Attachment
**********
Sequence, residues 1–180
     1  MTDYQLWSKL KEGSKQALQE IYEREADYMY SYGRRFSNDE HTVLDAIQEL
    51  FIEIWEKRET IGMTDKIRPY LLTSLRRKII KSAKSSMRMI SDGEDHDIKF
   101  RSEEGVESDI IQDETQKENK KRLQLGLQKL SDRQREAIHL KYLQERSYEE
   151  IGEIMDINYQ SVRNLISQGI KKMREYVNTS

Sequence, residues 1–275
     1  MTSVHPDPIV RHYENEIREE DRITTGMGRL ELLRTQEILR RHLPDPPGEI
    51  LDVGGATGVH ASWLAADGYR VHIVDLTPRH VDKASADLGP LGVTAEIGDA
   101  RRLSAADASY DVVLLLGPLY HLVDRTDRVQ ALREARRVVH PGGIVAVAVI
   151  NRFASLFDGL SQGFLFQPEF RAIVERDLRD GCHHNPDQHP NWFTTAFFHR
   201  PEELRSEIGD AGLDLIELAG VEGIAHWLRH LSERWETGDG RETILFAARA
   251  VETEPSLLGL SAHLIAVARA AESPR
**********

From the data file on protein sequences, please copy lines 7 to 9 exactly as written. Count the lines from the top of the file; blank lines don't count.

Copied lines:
     1  MTSVHPDPIV RHYENEIREE DRITTGMGRL ELLRTQEILR RHLPDPPGEI
    51  LDVGGATGVH ASWLAADGYR VHIVDLTPRH VDKASADLGP LGVTAEIGDA
   101  RRLSAADASY DVVLLLGPLY HLVDRTDRVQ ALREARRVVH PGGIVAVAVI